How mums can rejoin the workforce - and thrive
Parenthood offers a world of training in psychology, time management and diplomacy
- You're a homemaker eager to return to the job circuit, full-time or otherwise. But you're unsure if you can juggle the dual roles, and where do you start?
IF YOU'RE waiting to be inspired while combing through job listings, look at Ms Marissa Mayer, 37, the recently appointed chief executive of struggling technology giant Yahoo.
Ms Mayer, a former Google executive, was six months pregnant when she was offered the top job, making her the 19th female chief executive, half of whom have children, of a Fortune 500 firm.
Artfully juggling a home and career is tough. Don't believe anyone who claims to have found a perfect way to do it. There is none, but you can adjust.
If you're looking for more motivation to re-enter the workforce, here is a piece of good news.
Studies show those endless school and doctor runs build up work stamina. Cajoling your child to scoff down french beans hones your engagement skills.
And preparing a well-balanced dinner while making sure school uniforms are washed and ironed polishes your multitasking and time-management abilities.
A May survey by Korn/Ferry Institute revealed that parenthood offers a world of training in psychology, time management and diplomacy - highly applicable skills in business.
On their part, employers in Singapore have warmed up to hiring homemakers, to further tap the talent pool.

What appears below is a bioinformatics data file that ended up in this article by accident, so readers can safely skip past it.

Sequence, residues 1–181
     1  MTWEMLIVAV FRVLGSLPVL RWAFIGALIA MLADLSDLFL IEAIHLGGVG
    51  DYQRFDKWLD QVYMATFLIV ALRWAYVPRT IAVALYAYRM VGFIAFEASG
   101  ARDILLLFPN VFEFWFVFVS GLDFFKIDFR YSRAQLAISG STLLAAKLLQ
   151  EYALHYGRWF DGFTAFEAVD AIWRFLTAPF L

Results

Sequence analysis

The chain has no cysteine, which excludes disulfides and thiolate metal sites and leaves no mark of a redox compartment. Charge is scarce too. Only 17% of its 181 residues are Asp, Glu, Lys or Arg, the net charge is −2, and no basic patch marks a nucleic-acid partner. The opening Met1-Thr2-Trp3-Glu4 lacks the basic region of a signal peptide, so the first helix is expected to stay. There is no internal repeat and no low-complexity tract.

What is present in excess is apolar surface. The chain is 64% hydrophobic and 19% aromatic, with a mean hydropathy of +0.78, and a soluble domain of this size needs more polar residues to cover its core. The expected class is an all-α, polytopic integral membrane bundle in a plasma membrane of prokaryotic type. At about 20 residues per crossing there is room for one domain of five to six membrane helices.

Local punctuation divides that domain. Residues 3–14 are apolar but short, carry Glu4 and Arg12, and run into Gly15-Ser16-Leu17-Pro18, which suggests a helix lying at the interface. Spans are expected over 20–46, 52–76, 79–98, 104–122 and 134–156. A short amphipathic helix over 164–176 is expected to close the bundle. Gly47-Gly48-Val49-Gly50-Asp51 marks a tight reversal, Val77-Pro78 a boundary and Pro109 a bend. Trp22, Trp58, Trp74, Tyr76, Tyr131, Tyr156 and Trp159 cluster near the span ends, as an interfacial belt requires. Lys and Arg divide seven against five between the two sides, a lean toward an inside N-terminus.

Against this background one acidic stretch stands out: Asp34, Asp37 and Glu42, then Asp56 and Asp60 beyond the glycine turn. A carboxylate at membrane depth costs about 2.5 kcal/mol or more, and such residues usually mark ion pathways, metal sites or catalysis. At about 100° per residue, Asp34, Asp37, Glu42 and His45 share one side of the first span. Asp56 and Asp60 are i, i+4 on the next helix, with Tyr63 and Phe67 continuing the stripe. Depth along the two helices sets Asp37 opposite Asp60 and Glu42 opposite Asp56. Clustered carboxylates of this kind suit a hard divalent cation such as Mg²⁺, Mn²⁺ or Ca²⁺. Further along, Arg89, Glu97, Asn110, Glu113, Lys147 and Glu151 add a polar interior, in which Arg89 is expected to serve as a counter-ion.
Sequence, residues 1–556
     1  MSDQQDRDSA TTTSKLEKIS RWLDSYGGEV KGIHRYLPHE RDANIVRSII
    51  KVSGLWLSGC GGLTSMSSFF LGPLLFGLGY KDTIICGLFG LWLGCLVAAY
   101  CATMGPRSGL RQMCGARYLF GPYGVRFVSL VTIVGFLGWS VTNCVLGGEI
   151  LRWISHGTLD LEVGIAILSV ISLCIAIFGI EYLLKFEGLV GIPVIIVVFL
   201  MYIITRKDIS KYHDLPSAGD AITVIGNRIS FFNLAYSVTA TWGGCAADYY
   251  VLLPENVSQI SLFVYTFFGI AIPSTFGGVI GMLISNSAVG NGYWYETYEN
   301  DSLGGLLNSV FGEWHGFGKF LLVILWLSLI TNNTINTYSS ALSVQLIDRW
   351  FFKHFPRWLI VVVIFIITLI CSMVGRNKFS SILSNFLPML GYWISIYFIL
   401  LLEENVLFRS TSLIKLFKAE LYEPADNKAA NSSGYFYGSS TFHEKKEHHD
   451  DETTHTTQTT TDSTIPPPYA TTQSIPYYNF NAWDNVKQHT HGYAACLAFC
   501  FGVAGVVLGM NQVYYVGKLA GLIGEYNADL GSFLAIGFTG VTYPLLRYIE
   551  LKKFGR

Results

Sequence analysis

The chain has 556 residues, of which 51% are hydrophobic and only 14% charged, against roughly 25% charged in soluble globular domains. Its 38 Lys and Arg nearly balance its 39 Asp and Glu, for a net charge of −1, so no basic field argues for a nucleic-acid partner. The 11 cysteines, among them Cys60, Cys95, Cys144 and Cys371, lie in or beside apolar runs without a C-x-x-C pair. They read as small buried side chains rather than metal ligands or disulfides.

"While job opportunities may not be abundant, employers are beginning to be more receptive towards hiring housewives," says Mr Josh Goh of recruitment firm The GMP Group.
No doubt, technology has helped to play a crucial role in helping women carry out the dual roles of an executive and a parent.
The hurdles are high - you're not just competing with other mothers like yourself, but also with single women, men and retirees.
There are a few things you can do to ease your return to a career or land yourself a job.
First, find a reliable caregiver for junior. Then stand back a little and let them help.
Use social media creatively - not hard to do in this era of "social-media moms". Spruce up your resume, post it on LinkedIn and online job portals and announce your intentions on Facebook or blogs.
Attend personal development courses, talks or seminars as they serve as a good networking base for job referrals, says Mr Goh.
Start your first day back at work some time in the mid-week - a shorter work week for starters may reduce anxiety.
The initial days will be bumpy.
"Give yourself time to adjust to the new environment, maintain communication lines with the supervisor and divvy up the work so that it's manageable," suggests Mr Goh.
And oh yes, let go of the guilt of not being a stay-at-home mother. Learn to deal with it and recognise that it is only natural if you can never feel completely at ease having someone else care for your child while you are at work.
Take that leap of faith.